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Poverty Haunts Us

Articles Inspirational articles from Hay House authors

Poverty Haunts Us

Heeding the homeless, jobless, hopeless.
Cornel  West
Cornel West More by this author
Apr 16, 2012 at 10:00 AM

In America, as in Africa, Europe, and the Middle East, we are witnessing a magnificent democratic awakening with restless citizens all around the world demanding justice. We have rightly celebrated the democratic uprisings in Egypt, Tunisia, Yemen, and elsewhere without realizing that economic injustice is just as explosive on our own soil. Can poverty be the spark that ignites democratic enlightenment?

The American Dream has inspired progressive change all over the world. There is sad irony in that the loss of this over-mortgaged dream is now igniting protests on our own soil.

Alexis de Tocqueville was the first major commentator to describe the United States as “exceptional.” To be sure, America is unique and distinctive. But as Frederick Douglass opined, a true patriot also must wrestle with the night side of democracy in America.

In 43 years, we have gone from an aggressive stance on the eradication of poverty to passive, indifferent, and downright destructive positions where the poor are maligned and rendered invisible. Because both major political parties are so dependent on big campaign contributions from the rich who benefit from loopholes and tax breaks, politicians are hesitant or lack the will to even utter the “P” word in the public sphere.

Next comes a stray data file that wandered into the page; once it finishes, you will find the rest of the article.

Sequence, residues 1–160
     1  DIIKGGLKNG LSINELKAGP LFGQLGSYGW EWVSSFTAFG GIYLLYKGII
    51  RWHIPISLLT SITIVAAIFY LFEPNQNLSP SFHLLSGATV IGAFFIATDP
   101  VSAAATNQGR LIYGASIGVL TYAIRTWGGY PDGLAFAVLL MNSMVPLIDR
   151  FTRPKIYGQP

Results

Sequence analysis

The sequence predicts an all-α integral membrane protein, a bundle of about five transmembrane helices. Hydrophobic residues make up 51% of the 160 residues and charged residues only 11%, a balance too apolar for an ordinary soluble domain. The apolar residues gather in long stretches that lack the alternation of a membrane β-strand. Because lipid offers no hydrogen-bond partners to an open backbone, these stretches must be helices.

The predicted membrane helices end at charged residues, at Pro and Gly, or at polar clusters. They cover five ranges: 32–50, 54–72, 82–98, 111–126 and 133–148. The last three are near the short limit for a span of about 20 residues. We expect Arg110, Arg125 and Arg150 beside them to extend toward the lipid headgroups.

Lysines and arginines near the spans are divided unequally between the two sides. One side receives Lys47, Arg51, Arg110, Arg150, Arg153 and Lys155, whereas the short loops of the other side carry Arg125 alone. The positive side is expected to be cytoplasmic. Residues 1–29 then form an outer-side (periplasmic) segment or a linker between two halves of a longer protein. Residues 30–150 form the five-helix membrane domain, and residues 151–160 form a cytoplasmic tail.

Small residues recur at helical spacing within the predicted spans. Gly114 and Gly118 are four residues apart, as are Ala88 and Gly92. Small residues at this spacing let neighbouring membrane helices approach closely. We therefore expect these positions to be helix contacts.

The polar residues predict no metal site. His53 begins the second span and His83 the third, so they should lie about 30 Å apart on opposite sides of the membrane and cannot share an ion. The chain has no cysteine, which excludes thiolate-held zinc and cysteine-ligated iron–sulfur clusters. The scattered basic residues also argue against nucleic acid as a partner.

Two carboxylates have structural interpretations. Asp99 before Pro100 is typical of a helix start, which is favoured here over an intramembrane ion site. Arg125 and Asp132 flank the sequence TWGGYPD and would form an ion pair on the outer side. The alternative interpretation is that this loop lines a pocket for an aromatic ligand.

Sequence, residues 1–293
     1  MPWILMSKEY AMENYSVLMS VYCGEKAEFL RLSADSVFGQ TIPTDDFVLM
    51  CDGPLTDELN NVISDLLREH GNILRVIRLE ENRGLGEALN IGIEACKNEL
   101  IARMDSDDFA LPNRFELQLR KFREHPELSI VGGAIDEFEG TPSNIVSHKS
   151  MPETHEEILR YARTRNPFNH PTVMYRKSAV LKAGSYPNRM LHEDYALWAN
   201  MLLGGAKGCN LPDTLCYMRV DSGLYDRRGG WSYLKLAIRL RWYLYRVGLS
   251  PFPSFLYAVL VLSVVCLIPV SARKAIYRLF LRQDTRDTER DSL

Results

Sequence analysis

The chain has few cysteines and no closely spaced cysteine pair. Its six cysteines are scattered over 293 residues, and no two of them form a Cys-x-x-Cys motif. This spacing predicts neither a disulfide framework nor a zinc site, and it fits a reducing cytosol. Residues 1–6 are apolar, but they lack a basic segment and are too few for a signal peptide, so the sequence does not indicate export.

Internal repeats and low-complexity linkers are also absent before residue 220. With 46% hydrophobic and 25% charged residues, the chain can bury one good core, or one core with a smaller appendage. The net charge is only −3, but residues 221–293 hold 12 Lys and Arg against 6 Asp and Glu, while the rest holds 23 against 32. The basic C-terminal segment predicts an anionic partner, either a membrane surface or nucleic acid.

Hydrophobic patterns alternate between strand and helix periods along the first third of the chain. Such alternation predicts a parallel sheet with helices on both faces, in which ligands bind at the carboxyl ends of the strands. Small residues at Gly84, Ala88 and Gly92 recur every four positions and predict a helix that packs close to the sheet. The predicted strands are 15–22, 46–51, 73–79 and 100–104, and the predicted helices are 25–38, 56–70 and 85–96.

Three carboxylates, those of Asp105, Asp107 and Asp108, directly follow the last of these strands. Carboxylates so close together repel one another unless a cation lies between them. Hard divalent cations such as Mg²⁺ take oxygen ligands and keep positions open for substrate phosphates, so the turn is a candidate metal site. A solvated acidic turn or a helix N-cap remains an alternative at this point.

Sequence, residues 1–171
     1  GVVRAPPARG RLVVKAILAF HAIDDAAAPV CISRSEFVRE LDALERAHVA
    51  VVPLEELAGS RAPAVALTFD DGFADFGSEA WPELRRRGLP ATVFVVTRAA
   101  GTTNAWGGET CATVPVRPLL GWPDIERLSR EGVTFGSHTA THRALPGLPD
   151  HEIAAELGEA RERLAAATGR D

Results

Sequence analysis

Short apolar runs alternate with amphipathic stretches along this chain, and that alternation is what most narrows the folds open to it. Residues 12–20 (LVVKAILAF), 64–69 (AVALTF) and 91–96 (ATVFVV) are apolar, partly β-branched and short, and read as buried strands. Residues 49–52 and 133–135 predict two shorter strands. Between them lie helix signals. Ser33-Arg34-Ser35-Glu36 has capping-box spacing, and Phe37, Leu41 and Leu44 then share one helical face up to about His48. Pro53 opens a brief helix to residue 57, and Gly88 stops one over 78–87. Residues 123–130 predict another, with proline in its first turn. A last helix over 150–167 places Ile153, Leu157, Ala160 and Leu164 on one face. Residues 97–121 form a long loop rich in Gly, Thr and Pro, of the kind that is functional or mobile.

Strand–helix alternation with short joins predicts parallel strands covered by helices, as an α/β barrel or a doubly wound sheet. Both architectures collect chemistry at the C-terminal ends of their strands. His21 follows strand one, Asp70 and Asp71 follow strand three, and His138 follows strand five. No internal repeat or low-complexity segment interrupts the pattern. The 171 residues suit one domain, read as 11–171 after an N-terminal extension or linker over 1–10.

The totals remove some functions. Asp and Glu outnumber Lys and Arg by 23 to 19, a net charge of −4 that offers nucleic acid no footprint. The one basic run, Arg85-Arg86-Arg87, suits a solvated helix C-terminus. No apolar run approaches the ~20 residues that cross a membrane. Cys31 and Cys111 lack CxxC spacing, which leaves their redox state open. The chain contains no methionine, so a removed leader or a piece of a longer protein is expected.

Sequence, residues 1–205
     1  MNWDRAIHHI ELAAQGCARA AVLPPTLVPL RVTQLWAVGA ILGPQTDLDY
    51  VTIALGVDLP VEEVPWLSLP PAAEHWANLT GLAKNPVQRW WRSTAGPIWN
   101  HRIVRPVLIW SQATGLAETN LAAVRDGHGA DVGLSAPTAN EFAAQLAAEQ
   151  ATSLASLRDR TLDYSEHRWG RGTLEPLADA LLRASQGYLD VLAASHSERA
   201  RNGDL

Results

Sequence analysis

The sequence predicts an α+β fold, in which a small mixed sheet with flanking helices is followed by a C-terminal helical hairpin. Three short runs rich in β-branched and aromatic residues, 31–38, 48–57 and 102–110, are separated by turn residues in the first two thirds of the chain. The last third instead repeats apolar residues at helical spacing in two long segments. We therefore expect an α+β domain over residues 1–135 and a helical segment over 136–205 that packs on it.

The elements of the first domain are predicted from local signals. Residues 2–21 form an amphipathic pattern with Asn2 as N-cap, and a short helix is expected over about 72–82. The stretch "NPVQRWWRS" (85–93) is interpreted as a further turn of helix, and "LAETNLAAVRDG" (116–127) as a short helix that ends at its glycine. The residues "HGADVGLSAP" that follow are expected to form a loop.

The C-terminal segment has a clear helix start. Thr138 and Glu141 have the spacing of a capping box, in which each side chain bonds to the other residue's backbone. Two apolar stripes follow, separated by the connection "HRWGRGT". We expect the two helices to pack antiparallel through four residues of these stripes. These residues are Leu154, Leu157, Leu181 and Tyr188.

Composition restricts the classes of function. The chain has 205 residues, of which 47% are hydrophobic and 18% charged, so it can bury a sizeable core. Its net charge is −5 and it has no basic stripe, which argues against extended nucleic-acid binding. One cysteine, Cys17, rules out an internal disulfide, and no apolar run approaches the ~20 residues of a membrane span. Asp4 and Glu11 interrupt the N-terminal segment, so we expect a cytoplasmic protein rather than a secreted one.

Put simply, when we make anything a priority in Washington, it gets done. We prioritized funding the wars in Iraq and Afghanistan and—bam!—it was done. We prioritized bailing out Wall Street; it was a done deal. Since there are no lobbyists for the poor lined up on K Street in the nation’s capital, it is incumbent that the eradication of poverty be reintroduced into the national dialogue and that we force our leaders to make poor people a national priority again.

Being poor is six dollars short on the utility bill and no way to close the gap.

Being poor is crying when you drop the mac and cheese on the floor.

Being poor is knowing you work as hard as anyone, anywhere.

Being poor is people surprised to discover you’re not actually stupid.

Being poor is people surprised to discover you’re not actually lazy.

Being poor is a six-hour wait in an emergency room with a
sick child asleep on your lap.

Being poor is never buying anything someone else hasn’t bought first.

Being poor is knowing where the shelter is.

Being poor is people who have never been poor wondering why you choose to be so.

Being poor is knowing how hard it is to stop being poor.

Being poor is seeing how few options you have.

Being poor is running in place.

Being poor is people wondering why you didn’t leave.

Excerpted from “Being Poor” by John Scalzi

Unless and until we rethink, re-imagine, and redefine how we confront poverty, it will never be eradicated. Unless and until we honestly tackle the greed and dissect the political, economic, and societal black holes that allow it to flourish, increasing and intractable poverty will remain American capitalism’s and the global economy’s permanent partner.

About Author
Cornel  West
Educator and philosopher Dr. Cornel West is the Class of 1943 University Professor of Religion and African American Studies at Princeton University. Known as one of America’s most gifted, provocative, and important public intellectuals, Dr. We Continue reading